Saturday, January 08, 2011

Giffords Shooting.

Here's the best report I have read so far. I don't think Startfor's assessment of her immigration stance is entirely correct, but the detail about her support of health care reform is accurate. Whether her political positions had anything to do with her shooting is unknown.

Congresswoman Giffords' husband is a highly-decorated naval aviator who went on to become an astronaut. He has flown three missions in space, serving as the pilot on one.

Among those also shot: Judge John Roll.

Friday, January 07, 2011

Does This Sound Familiar?

The US Commodity Futures Trading Commission recently reduced the cap on retail leverage from 100:1 to 50:1 for major currencies (and 20:1 for other currencies). Japan’s Financial Services Authority also reduced leverage to 50:1, with plans to reach 25:1 by 2011. Greater regulation has led to consolidation in this industry, with the number of retail aggregators in the United States declining from 47 in 2007 to 11 today and in Japan from over 500 in 2005 to around 70 today. In the United Kingdom and continental Europe, however, there are currently no limits on leverage and limited regulation, creating the potential for regulatory arbitrage.

If you want to make your head hurt, read the whole report. As my friend Juan Enriquez said in an email, with that kind of leverage turbo-charging the market, one deadbeat counter-party can bring down the whole casino. Just like that.

It's as if we have learned nothing from what just transpired.

Here's Hoping.

There's been a lot of commentary about an interview that The New York Times conducted with Indiana Governor Mitch Daniels. It's worth reading in full. I was particularly struck by what Governor Daniels said at the end.


Mr. Daniels: I start from a premise that not everyone would agree with, I guess. I believe the American experiment is in mortal peril because of the debt we have coming….

This is more frightening than even the Soviet nuclear threat, which would have been more horrible. If we go broke, we’ll still be alive, but the probability was so small. In this case, the damage, the catastrophe, will be very, very severe, and the probability – I mean, and it’s inexorable

Q: Absent action.

Mr. Daniels: Absent action, yeah. The probability, I think, sadly, is very high.

I was struck by this because I think it's true and because I think a huge cross-section of the electorate also thinks it's true or that it might be true. And that this "mortal peril," as Daniels calls it, is the central political issue of our time. And that the probability that we, as a nation, will not take action is, indeed and sadly, very high.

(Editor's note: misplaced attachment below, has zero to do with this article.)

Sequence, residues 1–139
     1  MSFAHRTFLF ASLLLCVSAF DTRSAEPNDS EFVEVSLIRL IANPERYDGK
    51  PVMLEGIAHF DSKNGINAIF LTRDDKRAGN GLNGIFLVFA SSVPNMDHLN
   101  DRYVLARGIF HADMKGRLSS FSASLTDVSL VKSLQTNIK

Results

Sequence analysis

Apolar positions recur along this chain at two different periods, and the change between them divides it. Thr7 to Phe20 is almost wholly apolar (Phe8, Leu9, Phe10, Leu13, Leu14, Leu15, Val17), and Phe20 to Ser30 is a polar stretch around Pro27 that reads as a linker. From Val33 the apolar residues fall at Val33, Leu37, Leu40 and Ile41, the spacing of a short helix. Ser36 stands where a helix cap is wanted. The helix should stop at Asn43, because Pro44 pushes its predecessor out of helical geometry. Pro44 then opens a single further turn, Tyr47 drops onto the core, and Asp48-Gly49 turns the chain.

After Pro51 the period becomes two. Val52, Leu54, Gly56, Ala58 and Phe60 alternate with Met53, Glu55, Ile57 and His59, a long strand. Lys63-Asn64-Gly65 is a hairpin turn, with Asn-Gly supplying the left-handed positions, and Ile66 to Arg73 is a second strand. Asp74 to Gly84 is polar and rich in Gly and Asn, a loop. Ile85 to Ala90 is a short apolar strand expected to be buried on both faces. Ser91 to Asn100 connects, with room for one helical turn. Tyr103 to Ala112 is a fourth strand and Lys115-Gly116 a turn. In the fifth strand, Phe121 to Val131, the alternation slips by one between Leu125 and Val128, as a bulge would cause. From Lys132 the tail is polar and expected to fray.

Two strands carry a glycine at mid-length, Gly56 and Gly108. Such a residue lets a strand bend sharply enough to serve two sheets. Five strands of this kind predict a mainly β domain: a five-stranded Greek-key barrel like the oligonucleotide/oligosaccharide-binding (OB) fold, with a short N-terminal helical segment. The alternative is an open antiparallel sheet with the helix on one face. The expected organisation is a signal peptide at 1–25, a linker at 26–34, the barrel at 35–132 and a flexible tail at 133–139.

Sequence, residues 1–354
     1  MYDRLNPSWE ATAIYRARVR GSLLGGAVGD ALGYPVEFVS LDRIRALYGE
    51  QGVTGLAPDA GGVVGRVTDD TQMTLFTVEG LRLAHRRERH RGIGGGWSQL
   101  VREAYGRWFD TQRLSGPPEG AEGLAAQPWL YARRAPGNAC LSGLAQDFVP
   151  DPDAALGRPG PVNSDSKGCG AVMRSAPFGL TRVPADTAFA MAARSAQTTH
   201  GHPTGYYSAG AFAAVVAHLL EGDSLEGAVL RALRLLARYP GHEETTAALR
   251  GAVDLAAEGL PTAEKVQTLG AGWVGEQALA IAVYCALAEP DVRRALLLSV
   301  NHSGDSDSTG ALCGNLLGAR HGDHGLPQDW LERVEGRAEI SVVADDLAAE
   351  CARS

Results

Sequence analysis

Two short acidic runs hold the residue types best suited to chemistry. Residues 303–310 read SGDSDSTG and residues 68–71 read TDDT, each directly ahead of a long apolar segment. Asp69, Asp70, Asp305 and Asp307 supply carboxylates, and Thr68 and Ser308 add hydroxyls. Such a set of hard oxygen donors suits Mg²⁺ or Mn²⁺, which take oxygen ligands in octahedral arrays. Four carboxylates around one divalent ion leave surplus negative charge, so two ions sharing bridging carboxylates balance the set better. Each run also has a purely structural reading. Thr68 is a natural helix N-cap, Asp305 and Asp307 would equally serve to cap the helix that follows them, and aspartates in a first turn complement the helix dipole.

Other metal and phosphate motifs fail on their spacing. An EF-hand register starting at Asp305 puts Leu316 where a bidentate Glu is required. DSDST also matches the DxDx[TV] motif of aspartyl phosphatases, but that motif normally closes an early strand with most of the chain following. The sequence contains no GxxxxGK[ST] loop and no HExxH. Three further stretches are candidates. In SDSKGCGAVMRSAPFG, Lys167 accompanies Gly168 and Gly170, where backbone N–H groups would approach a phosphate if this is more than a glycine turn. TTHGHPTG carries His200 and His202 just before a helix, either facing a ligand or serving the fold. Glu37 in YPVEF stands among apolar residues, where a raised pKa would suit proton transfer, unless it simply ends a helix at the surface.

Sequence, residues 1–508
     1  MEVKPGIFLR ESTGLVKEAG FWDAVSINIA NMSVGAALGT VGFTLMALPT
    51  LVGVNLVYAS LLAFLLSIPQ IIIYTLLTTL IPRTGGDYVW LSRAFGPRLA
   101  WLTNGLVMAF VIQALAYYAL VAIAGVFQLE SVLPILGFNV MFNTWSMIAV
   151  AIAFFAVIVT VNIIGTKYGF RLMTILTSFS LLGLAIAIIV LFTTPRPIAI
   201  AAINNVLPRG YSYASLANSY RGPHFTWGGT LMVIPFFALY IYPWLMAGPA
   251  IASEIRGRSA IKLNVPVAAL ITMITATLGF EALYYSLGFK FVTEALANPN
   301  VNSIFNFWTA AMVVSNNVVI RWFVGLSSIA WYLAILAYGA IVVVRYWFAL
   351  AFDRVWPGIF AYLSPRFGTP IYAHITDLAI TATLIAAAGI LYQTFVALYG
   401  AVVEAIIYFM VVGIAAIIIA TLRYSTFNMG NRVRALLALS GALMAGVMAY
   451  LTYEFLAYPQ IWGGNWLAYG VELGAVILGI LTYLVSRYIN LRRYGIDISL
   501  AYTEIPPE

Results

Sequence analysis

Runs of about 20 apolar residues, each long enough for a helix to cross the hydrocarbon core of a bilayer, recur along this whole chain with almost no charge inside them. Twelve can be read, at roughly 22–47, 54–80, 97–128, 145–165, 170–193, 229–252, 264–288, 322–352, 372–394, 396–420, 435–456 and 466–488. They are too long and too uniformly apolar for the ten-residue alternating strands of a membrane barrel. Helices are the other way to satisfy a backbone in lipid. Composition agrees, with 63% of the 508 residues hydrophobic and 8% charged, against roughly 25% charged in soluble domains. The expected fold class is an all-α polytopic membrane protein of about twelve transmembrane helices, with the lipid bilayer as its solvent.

I wrote about this last year in a somewhat ponderous piece about the disconnect between President Obama's political agenda and the reality of our situation. Someone wrote me an email yesterday asking if I was "relieved" that Bill Daley was taking over as White House Chief of Staff. I like and admire Bill Daley. He's arguably the best fixer in the Democratic Party and I have a keen appreciation of the role that fixers play in making government work. They are essential.

But I'll be a lot more relieved when President Obama starts saying that he too thinks "the American experiment is in mortal peril because of the debt we have coming." And then starts to take action to deal with the overwhelming obligations that loom, just around the corner. The truth is that only a Democrat can "fix" Social Security. Only a Democrat can restructure Medicare back into a much leaner "basic" health care coverage plan. Republicans don't have the political standing (on these two issues) to do so.

Social Security and Medicare/Medicaid are the mother of all unfunded liabilities and if we don't do something about them in the next seven years, they will literally eat us alive in the 2020s. The Bowles-Simpson Commission on Deficit Reduction did an admirable job of making clear what happens if we don't deal with these obligations. In three words, we'll go broke. And if we go broke, then the American experiment will come asunder and not gently.

These next 1-3 years will determine which way the tide turns. One hopes that President Obama understands this and addresses it forthrightly in his State of the Union Address. If he does, he will, in all future debates, have the truth on his side, since it is inarguable that we cannot continue down the path we are on.